Follow-Up After High-Intensity Care for Substance Use Disorder (FUI)

This Hedis Measure

Assesses the percentage of inpatient, residential treatment and detoxification visits or discharges for a diagnosis of substance use disorder (SUD) among patients 13 years of age and older that resulted in follow-up care for a diagnosis of SUD within 7 and 30 days.

Why It Matters

In 2020, 40.3 million Americans 12 and older (about 14.5% of the population) were classified as having an SUD, including alcohol use disorder and illicit drug use disorder.1 Individuals with SUD have higher utilization of high-intensity care treatment such as inpatient hospitalizations.2 Timely follow-up care after treatment for SUD is critical to reduce negative health outcomes such as disengagement from the health care system and substance use relapse.3,4

Results – National Averages

Follow-Up Within 7 Days of High-Intensity Care

Measurement YearCommercial HMOCommercial PPOMedicaid HMOMedicare HMOMedicare PPO

Follow-Up Within 30 Days of High-Intensity Care

Measurement YearCommercial HMOCommercial PPOMedicaid HMOMedicare HMOMedicare PPO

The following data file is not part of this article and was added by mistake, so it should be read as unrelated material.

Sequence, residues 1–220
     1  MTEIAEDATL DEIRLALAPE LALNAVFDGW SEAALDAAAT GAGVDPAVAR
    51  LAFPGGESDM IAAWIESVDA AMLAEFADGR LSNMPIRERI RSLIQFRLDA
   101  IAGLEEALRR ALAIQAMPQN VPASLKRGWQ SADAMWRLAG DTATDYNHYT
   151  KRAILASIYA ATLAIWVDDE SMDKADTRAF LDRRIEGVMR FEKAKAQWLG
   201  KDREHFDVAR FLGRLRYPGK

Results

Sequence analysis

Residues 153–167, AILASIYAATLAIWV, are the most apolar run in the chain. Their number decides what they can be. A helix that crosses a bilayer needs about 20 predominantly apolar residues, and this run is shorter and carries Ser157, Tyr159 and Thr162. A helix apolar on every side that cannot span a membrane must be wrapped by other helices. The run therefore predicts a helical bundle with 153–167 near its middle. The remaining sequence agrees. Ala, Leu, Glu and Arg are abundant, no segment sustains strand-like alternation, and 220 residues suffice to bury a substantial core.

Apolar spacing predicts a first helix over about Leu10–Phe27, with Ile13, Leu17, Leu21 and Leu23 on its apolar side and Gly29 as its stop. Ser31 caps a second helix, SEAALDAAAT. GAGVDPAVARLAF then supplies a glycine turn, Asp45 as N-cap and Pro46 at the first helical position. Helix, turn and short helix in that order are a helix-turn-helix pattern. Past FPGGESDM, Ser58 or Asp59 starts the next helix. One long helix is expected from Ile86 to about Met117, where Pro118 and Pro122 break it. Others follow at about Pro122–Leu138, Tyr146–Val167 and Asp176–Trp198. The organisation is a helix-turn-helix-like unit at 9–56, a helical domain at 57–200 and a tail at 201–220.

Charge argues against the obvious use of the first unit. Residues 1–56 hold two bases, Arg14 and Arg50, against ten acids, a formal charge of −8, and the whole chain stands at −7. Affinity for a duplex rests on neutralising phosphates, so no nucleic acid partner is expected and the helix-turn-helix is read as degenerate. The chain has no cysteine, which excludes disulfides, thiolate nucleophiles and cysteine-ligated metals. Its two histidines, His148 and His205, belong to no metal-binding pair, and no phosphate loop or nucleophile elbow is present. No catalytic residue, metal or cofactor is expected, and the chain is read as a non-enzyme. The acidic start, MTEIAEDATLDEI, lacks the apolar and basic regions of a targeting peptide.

This State of Healthcare Quality Report classifies health plans differently than NCQA’s Quality Compass. HMO corresponds to All LOBs (excluding PPO and EPO) within Quality Compass. PPO corresponds to PPO and EPO within Quality Compass.

Figures do not account for changes in the underlying measure that could break trending. Contact Information Products via for analysis that accounts for trend breaks.–>


  1. Substance Abuse and Mental Health Services Administration. 2021. Key substance use and mental health indicators in the United States: Results from the 2020 National Survey on Drug Use and Health (HHS Publication No. PEP21-07-01-003, NSDUH Series H-56). Rockville, MD: Center for Behavioral Health Statistics and Quality, Substance Abuse and Mental Health Services Administration. Retrieved from
  2. Gryczynski, J., R. Schwartz, et al. 2016. “Understanding Patterns Of High-Cost Health Care Use Across Different Substance User Groups.” Health Aff (Millwood). January; 35(1): 12–19.
  3. National Institute on Drug Abuse (NIDA). 2018. Drugs, Brains, and Behavior: The Science of Addiction. July 2018.
  4. Proctor, S., P. Herschman. 2014. “The Continuing Care Model of Substance Use Treatment: What Works, and When Is ‘Enough,’ Enough?” Psychiatry Journal. Volume 2014, Article ID 692423, 16 pages.

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